While watching a game of baseball, it's likely that you've come across the term "errors." However, they were likely referred to in a context which you have never heard of before. So what exactly are they, and what is the basis in which they are charged to players?
Although the rules may seem rather intimidating at first, the concept of errors is actually quite straightforward. For instance, they are similar to the idea of penalties in most other sports. However, where errors and penalties vary is that baseball errors do not include unsportsmanlike behavior or the breaking of rules. Instead, a player is charged with an error only if their actions end up benefiting the opposing team in some way, or if their efforts fall short of what would otherwise be expected of an average player at that level. Think of all the times you've watched a hockey or a soccer game, and found yourself yelling at a player for letting in a goal or losing possession of the ball for seemingly no reason. That would be called an error in baseball.
Another way to think about it would be that errors are a statistical way to keep track of a player's skills or technical performance.
Who calls an error and who receives an error?
Errors are called solely at the discretion of the official scorer. The official scorer is the only individual who can decide whether or not a player's actions warrant an error and has full authority to do so. No one else may challenge or question the official scorer's decision regarding an error.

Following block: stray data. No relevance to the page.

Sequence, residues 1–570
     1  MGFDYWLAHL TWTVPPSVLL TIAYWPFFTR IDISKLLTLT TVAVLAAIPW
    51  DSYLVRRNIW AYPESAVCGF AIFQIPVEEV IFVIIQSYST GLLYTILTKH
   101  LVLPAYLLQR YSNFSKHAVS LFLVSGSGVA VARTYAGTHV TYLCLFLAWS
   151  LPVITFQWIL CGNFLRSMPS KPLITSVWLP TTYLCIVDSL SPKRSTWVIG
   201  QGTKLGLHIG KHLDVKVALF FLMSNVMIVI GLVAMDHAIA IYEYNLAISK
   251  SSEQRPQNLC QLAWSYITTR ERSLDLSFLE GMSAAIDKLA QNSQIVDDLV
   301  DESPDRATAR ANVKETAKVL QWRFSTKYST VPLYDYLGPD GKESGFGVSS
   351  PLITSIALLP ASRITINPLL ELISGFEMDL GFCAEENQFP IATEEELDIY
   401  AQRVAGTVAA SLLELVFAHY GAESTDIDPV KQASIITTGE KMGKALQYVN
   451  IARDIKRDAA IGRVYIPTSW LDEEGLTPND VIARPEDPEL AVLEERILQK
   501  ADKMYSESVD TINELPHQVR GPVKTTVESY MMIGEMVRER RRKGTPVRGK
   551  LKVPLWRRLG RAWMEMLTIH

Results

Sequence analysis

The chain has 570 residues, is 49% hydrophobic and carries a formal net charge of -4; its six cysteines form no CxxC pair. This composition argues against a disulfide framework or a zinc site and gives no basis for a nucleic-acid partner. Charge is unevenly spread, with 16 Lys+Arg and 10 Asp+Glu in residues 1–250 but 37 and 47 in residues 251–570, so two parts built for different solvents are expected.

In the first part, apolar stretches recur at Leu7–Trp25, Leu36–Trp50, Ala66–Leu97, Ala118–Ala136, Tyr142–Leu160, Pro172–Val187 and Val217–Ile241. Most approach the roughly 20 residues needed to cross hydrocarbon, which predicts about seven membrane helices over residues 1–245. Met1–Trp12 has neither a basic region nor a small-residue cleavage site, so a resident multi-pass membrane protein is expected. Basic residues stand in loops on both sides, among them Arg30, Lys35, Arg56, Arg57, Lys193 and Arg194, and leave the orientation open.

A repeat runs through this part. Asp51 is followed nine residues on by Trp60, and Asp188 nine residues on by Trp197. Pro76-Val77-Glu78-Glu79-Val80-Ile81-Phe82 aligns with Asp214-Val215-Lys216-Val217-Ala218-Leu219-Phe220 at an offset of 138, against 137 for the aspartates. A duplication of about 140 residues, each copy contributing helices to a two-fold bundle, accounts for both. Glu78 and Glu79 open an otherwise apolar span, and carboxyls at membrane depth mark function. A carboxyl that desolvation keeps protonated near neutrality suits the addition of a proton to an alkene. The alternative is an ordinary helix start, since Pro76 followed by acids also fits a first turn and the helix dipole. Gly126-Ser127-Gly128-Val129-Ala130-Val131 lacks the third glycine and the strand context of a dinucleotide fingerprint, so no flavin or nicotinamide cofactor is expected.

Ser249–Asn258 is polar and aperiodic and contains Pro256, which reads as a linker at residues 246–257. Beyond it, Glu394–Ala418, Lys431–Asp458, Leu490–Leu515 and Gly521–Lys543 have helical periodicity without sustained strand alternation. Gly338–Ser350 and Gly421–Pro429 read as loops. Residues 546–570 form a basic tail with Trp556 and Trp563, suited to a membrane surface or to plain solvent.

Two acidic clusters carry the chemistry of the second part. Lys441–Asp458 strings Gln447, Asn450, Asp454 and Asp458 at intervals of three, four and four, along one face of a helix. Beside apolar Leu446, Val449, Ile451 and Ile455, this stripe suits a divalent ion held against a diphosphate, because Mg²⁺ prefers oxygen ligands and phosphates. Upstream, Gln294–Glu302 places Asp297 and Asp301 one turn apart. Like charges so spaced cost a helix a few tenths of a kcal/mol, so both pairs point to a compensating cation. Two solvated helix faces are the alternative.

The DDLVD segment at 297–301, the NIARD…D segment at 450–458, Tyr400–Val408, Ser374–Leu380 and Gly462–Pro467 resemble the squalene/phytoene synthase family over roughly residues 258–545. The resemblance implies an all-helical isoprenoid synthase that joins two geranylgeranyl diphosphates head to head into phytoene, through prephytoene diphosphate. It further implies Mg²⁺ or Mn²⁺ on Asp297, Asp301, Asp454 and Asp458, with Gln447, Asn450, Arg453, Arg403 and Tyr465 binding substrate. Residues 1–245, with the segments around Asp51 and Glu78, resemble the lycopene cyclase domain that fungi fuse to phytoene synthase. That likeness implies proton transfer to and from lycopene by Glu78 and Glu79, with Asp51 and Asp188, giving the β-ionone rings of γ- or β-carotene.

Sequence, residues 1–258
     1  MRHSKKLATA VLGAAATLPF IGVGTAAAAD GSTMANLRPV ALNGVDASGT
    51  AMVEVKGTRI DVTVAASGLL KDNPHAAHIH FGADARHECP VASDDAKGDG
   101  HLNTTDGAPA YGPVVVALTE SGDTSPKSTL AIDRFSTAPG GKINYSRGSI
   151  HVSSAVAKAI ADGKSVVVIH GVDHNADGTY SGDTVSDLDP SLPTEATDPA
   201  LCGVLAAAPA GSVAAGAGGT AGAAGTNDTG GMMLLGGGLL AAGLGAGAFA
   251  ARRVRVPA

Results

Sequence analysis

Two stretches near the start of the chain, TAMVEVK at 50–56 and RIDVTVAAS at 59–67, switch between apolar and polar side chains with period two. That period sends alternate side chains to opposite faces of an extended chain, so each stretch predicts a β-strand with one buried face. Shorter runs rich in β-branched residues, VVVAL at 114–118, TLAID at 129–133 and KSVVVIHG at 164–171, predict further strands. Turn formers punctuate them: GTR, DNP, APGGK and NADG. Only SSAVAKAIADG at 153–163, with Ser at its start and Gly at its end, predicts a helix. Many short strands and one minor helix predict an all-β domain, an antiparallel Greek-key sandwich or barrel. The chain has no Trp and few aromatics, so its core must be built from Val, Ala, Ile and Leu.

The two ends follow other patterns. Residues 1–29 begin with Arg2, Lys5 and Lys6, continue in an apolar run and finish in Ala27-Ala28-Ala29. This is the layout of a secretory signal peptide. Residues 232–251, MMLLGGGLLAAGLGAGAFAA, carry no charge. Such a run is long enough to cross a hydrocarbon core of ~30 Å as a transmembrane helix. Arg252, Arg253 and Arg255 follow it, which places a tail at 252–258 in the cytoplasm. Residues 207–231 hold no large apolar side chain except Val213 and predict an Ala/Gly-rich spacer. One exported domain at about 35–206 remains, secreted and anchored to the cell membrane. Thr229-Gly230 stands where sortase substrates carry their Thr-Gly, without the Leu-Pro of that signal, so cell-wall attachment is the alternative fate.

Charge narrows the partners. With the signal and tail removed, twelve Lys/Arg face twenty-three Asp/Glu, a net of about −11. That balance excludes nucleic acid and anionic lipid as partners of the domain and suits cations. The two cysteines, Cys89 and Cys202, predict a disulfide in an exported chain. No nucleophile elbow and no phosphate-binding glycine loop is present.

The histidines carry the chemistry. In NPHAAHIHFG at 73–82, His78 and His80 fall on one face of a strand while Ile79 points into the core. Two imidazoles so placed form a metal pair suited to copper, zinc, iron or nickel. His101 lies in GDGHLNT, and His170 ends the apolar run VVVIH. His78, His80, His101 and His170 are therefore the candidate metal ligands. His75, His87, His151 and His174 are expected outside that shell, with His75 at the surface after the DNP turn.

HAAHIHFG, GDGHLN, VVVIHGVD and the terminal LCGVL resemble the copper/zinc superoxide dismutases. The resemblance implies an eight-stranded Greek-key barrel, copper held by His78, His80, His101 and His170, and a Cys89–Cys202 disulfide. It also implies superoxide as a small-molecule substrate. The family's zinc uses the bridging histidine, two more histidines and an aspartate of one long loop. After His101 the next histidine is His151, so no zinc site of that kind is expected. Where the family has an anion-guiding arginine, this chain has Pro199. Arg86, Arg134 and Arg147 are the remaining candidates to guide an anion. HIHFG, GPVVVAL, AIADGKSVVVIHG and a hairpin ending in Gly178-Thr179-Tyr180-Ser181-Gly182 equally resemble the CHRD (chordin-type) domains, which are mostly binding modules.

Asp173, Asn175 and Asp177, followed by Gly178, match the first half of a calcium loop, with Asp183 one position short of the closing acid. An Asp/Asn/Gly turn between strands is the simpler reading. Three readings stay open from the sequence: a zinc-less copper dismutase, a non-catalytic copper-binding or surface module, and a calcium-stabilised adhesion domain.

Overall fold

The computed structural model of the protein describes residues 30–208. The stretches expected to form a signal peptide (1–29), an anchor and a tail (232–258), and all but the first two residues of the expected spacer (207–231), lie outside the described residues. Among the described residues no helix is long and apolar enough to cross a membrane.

An error can only be charged to a player in a fielding position - a pitcher, catcher, baseman, shortstop, or fielder. The three most common errors occur while the player is fielding, throwing, and tagging. However, all errors can only be charged if the player's actions directly benefit the other team. For example, by allowing the batter to remain at bat longer, which gives more time for the runner to remain at or advance from their base.
Fielding errors commonly occur when a fielder fails to catch the ball. Some common instances include an outfielder fumbling a fly ball, or an infielder mishandling a grounder. These may prevent the basemen from receiving the ball in time to successfully record an out.
Throwing errors are typically charged to the shortstop for a wild throw. A wild throw occurs when the shortstop throws the ball to a teammate, but the pass ends up "wild" or inaccurate. Errors will also be called if a player throws a ball that hits a base, runner, or umpire, even if it was entirely accidental.
Tagging errors are called when a fielder fails to tag a base or a runner, when, given the circumstances, it would have otherwise been reasonably expected of them to do so. Hence, this is another instance in which a team manages to advance and gain points, not so much by a particularly good play, but rather due to a mistake made by the opposing team.
Consequences of Errors
Errors do not affect the score of the game in any way. A batter who is able to score a homerun solely due to errors by the fielders will still be considered as having achieved a home run and will be awarded the appropriate points for it. However, errors do affect the statistics of the player, and as in any other sport, statistics are a vital factor in shaping the player's career.